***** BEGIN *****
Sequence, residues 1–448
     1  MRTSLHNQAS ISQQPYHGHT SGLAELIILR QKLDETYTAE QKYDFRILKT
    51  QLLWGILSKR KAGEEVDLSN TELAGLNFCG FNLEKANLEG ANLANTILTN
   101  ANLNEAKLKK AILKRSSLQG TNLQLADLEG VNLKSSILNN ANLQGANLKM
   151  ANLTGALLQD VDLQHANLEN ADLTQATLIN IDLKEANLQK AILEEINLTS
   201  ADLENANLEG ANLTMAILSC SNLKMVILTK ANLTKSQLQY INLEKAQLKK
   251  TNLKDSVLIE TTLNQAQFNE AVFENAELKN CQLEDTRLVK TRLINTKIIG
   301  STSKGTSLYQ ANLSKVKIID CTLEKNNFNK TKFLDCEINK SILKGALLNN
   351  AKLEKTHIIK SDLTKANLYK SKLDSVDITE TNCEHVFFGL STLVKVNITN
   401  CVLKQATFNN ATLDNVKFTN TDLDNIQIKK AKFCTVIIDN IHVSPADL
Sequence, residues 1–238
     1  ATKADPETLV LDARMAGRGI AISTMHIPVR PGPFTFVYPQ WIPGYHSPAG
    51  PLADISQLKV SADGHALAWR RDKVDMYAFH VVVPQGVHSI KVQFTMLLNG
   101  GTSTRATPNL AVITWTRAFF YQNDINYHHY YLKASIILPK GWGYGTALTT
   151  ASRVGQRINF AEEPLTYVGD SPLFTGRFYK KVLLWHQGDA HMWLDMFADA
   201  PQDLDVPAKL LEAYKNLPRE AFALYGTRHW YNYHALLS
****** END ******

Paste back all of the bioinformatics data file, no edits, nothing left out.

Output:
Sequence, residues 1–448
     1  MRTSLHNQAS ISQQPYHGHT SGLAELIILR QKLDETYTAE QKYDFRILKT
    51  QLLWGILSKR KAGEEVDLSN TELAGLNFCG FNLEKANLEG ANLANTILTN
   101  ANLNEAKLKK AILKRSSLQG TNLQLADLEG VNLKSSILNN ANLQGANLKM
   151  ANLTGALLQD VDLQHANLEN ADLTQATLIN IDLKEANLQK AILEEINLTS
   201  ADLENANLEG ANLTMAILSC SNLKMVILTK ANLTKSQLQY INLEKAQLKK
   251  TNLKDSVLIE TTLNQAQFNE AVFENAELKN CQLEDTRLVK TRLINTKIIG
   301  STSKGTSLYQ ANLSKVKIID CTLEKNNFNK TKFLDCEINK SILKGALLNN
   351  AKLEKTHIIK SDLTKANLYK SKLDSVDITE TNCEHVFFGL STLVKVNITN
   401  CVLKQATFNN ATLDNVKFTN TDLDNIQIKK AKFCTVIIDN IHVSPADL
Sequence, residues 1–238
     1  ATKADPETLV LDARMAGRGI AISTMHIPVR PGPFTFVYPQ WIPGYHSPAG
    51  PLADISQLKV SADGHALAWR RDKVDMYAFH VVVPQGVHSI KVQFTMLLNG
   101  GTSTRATPNL AVITWTRAFF YQNDINYHHY YLKASIILPK GWGYGTALTT
   151  ASRVGQRINF AEEPLTYVGD SPLFTGRFYK KVLLWHQGDA HMWLDMFADA
   201  PQDLDVPAKL LEAYKNLPRE AFALYGTRHW YNYHALLS